John C. Wright is interviewed in Raygun Revival. Here, as a taste of the gig, is Mr. Wright on moral valence in popular fiction:
If you wish to argue that there is no such thing as clearly defined good and evil in real life, all I can say in reply is that your notion of real life is missing an essential dimension. This does not mean, of course, that our stalwart hero cannot be caught in a moral paradox, but it does mean that the moral paradox must be a real one, with white and black as sharply defined as squares on a chessboard. It does not mean that our characters need always to be Bishops, always ending on the same color where they began.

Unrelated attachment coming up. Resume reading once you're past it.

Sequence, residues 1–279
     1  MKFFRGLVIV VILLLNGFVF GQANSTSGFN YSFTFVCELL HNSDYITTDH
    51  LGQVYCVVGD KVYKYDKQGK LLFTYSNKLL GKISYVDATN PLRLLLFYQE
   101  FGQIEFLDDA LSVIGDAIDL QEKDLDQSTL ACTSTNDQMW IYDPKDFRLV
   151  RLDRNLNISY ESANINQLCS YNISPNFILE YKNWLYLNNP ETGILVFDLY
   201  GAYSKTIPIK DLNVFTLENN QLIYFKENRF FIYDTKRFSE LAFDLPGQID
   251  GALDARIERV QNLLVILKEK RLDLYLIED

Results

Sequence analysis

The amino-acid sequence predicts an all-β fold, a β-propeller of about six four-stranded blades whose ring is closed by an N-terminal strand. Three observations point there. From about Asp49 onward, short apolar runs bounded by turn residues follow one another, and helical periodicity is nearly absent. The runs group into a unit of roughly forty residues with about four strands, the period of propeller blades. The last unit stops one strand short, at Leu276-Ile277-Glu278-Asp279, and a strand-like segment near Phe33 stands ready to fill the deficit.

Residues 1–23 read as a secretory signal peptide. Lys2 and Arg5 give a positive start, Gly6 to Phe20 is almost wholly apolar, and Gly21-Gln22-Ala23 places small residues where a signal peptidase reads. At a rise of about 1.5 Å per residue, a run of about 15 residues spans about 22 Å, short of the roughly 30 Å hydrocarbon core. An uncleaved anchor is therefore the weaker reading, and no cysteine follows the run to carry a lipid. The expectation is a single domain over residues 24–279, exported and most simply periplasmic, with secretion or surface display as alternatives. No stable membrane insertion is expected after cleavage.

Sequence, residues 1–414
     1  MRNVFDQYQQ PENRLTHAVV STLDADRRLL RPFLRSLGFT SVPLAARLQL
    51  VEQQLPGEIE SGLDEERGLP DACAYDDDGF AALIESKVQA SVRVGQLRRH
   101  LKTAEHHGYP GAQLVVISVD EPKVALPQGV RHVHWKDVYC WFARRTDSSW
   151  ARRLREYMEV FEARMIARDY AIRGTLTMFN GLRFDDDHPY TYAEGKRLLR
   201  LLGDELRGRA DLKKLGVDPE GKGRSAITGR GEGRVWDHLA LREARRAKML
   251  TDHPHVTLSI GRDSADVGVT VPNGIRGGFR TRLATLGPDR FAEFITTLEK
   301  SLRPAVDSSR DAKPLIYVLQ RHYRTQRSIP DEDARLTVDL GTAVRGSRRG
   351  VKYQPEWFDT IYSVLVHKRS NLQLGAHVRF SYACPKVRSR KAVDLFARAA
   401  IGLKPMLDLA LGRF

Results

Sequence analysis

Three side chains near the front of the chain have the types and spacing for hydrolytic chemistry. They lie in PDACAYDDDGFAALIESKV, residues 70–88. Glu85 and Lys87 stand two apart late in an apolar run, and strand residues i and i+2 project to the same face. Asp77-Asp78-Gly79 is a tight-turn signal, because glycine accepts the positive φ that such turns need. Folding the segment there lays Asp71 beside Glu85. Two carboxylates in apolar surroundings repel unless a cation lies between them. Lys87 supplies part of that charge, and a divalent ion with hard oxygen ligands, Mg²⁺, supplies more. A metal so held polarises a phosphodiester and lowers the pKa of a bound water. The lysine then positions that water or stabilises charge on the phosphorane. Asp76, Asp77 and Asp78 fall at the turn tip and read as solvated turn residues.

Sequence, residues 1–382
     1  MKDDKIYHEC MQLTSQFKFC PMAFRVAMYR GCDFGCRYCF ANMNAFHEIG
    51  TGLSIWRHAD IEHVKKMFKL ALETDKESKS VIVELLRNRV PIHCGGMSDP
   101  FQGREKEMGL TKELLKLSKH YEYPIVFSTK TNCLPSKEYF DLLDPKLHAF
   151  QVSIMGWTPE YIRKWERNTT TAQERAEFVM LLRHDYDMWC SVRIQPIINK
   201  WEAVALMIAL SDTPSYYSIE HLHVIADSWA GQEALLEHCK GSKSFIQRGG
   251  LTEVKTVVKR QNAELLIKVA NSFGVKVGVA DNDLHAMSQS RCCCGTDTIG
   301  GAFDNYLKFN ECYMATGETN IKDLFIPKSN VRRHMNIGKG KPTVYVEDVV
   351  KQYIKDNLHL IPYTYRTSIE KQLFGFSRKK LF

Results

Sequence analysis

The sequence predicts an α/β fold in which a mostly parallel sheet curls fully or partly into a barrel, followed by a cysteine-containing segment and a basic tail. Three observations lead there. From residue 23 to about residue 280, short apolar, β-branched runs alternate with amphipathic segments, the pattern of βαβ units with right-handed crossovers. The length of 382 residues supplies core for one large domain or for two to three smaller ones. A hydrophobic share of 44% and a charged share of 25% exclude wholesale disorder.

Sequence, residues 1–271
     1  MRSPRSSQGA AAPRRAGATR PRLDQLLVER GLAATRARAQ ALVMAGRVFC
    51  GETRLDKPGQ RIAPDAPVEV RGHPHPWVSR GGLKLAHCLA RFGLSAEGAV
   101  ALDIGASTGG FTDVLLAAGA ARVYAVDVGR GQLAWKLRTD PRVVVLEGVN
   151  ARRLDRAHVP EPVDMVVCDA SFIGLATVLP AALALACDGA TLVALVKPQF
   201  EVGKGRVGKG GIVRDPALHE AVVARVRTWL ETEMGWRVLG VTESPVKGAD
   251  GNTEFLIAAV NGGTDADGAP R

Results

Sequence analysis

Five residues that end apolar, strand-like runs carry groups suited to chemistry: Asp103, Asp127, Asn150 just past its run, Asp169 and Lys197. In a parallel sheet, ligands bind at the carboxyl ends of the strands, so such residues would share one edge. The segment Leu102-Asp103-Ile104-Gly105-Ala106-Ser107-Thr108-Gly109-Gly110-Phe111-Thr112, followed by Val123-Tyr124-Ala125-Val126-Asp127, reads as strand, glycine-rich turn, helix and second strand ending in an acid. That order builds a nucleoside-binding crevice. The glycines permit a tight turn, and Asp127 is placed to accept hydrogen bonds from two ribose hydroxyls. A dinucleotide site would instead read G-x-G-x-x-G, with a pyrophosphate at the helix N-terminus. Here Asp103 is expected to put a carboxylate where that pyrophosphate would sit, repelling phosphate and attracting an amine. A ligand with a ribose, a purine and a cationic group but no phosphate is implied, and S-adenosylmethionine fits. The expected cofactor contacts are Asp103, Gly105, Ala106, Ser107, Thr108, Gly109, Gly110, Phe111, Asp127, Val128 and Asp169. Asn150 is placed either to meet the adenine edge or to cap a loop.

I heartily endorse this view of the matter, and I will add this on my own account:
People who extol the so-called virtues of moral ambivalence are, in my experience, generally lazy thinkers. They have not the patience to solve difficult problems (and most of the moral problems that actually engage our attention are difficult); so they pretend that the problems are insoluble and that one answer is no better than another.
If someone says there is no black or white in moral matters, you should carefully consider the possibility that he cannot see them because he is looking with his eyes tightly shut.